The Care Minister, Norman Lamb, said that care homes should be fitted with the furniture and personal items of its occupants to make it feel like a home from home.
Norman Lamb said that many residents, particularly those suffering dementia, feel confused and alienated when they are placed in an unfamiliar environment.
He stated that from October, 25000 care homes will be subject to an inspection scheme to determine whether they are creating a real feeling of the resident’s home.
He added that taking a bit of furniture and other furnishings, such as a bedspread will make residents feel more comfortable and view the care home as a home, rather than a strange environment.
According to Mr Lamb, the care home has to be flexible and whatever will make the individual more comfortable is what should be focused on.
Care homes that do not meet the standards of the inspection may be placed into ‘special measures’. This means that they will be given the opportunity to improve their service or face being closed. The Care Quality Commission, the care home watchdog, has admitted that in the past, it failed the elderly and the vulnerable as it feared legal repercussion from care homes which are privately managed.
Mr Lamb added that the introduction of more robust ratings and inspections of care homes will hopefully result in care homes creating a real sense of a resident’s home as this will boost their ratings.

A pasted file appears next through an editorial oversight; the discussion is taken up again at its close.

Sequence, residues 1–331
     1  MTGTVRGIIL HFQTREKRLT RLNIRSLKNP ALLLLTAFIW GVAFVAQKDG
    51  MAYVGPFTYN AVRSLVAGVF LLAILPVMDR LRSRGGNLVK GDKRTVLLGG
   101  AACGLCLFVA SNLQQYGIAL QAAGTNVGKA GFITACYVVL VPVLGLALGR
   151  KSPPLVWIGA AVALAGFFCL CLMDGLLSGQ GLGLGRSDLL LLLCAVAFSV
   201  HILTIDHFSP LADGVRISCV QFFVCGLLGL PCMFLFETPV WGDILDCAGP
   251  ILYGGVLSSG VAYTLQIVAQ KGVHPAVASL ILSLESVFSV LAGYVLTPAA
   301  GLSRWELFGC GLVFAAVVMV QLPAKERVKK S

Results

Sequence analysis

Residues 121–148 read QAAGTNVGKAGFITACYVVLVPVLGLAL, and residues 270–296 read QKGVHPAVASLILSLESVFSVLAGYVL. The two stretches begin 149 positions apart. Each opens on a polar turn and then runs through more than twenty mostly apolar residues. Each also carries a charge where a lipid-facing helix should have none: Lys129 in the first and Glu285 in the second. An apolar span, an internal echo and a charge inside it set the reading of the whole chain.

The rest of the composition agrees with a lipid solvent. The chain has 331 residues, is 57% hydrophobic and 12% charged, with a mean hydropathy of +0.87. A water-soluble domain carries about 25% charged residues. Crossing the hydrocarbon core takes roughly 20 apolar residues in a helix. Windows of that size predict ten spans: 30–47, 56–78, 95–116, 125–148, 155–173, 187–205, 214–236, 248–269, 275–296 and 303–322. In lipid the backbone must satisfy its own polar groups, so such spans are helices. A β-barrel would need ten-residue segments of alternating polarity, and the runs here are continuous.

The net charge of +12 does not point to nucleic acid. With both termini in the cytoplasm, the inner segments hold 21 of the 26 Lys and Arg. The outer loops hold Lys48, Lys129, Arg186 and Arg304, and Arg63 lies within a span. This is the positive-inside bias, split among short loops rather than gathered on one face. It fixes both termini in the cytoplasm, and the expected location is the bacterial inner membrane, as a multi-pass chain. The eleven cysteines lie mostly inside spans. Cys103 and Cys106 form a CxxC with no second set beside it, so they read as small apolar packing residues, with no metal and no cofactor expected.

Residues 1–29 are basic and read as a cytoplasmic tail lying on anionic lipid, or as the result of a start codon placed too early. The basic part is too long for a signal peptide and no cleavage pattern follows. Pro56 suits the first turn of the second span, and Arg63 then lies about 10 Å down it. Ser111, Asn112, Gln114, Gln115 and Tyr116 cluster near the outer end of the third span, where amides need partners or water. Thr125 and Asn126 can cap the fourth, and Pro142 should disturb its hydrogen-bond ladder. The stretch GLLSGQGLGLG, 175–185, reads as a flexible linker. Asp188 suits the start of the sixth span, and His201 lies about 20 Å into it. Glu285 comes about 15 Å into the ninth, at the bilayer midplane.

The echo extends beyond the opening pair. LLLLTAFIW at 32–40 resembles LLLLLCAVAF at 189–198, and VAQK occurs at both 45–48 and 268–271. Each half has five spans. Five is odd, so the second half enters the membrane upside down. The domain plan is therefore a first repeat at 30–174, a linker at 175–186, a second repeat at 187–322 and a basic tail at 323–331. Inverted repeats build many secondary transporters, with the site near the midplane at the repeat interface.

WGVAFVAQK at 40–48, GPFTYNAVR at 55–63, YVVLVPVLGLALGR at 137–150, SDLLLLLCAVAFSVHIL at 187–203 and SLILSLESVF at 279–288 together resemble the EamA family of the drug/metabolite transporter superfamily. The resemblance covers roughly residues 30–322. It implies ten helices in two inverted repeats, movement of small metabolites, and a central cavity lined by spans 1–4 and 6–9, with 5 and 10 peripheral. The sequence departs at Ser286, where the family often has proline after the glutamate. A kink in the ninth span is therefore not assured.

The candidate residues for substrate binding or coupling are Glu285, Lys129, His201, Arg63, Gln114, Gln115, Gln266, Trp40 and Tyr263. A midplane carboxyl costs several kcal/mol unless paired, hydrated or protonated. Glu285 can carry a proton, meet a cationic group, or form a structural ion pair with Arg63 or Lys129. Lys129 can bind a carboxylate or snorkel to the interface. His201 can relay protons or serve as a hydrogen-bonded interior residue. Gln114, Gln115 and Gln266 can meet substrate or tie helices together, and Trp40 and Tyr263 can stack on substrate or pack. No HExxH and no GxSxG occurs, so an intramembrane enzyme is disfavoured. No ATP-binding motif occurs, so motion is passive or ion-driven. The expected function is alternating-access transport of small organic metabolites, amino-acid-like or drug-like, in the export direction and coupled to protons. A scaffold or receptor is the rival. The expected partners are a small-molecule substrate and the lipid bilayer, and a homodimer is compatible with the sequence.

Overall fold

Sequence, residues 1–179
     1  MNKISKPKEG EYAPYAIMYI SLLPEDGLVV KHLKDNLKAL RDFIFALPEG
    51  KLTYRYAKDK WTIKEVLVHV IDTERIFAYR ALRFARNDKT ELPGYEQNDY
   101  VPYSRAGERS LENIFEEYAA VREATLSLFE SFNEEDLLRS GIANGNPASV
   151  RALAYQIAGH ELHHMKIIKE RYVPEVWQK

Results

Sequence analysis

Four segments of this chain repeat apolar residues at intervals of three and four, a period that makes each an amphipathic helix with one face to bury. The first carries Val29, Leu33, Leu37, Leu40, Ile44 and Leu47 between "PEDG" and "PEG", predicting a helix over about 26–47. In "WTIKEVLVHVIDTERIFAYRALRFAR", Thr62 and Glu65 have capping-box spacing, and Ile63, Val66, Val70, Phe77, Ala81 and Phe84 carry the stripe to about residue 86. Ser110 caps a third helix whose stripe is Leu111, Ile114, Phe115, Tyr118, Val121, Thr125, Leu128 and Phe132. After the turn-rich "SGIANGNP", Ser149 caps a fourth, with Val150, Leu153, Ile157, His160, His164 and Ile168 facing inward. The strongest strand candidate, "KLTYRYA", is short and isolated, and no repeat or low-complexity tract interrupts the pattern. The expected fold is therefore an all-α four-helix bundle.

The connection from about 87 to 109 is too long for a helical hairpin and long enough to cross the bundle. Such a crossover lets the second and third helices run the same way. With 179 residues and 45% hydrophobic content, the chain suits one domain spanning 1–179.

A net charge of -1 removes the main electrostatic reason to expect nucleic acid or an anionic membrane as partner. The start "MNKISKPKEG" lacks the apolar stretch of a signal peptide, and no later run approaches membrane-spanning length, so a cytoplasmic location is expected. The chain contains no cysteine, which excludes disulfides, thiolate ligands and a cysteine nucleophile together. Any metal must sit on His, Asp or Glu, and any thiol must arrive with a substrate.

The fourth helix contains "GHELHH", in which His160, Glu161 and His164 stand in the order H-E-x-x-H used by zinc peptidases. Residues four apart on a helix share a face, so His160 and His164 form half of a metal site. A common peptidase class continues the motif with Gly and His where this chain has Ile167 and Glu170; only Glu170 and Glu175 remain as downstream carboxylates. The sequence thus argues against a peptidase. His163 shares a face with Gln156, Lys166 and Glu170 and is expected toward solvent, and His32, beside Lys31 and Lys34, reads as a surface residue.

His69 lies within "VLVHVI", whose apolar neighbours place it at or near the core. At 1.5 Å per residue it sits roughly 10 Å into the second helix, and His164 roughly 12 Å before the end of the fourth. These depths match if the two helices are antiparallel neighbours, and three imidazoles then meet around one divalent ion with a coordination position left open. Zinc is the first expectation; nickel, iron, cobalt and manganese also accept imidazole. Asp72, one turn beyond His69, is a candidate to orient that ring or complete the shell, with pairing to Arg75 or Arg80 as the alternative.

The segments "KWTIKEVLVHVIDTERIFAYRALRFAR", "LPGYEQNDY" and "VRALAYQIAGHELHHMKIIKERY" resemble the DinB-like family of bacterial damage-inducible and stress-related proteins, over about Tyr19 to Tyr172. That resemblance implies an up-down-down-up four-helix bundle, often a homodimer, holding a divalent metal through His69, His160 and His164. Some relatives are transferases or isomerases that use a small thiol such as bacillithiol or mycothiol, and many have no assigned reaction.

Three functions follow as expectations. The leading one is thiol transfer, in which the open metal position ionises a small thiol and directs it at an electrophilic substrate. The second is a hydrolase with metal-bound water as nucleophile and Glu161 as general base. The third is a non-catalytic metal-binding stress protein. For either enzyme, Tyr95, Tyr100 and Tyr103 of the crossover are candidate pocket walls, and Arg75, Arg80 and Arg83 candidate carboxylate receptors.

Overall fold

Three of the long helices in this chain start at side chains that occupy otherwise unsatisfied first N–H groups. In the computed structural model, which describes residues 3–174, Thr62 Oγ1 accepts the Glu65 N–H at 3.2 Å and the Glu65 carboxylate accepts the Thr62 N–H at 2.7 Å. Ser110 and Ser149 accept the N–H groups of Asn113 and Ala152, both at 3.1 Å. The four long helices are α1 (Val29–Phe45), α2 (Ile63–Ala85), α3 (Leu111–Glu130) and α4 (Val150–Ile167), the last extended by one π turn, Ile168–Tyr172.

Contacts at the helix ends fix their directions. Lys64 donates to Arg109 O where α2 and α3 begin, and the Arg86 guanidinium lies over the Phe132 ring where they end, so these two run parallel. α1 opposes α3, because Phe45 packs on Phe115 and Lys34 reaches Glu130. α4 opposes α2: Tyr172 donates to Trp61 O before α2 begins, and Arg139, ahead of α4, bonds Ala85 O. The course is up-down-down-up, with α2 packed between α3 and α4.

The policy programme manager for social care at Age UK, Lesley Carter, said that there are huge benefits to the elderly having their personal items around them. She said they may not recognise that it is their own, but if they touched it, it would evoke memories and feel familiar.
The head of the Care Quality Commission stated in an interview that it has often retreated from attempting to close homes that were unsafe and generally did not fight back when it was challenged from a legal standpoint.
The chairman of CQC, David prior, vowed that this approach would be changed and they would become ‘much more robust’ in challenging poor care providers.
He stated that according to the data at hand, at least 750 care homes that provide care to the elderly and the disabled have failed to reach at least one basic standard for longer than 12 months.
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